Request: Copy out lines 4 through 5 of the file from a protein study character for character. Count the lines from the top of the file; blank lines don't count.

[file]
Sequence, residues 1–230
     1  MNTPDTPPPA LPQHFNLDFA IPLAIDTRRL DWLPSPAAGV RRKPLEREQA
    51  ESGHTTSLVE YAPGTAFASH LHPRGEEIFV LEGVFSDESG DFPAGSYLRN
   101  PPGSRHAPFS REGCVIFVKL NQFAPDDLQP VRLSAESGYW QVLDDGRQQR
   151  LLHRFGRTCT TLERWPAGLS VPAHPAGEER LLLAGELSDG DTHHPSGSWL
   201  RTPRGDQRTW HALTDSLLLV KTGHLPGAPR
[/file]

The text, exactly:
   101  PPGSRHAPFS REGCVIFVKL NQFAPDDLQP VRLSAESGYW QVLDDGRQQR
   151  LLHRFGRTCT TLERWPAGLS VPAHPAGEER LLLAGELSDG DTHHPSGSWL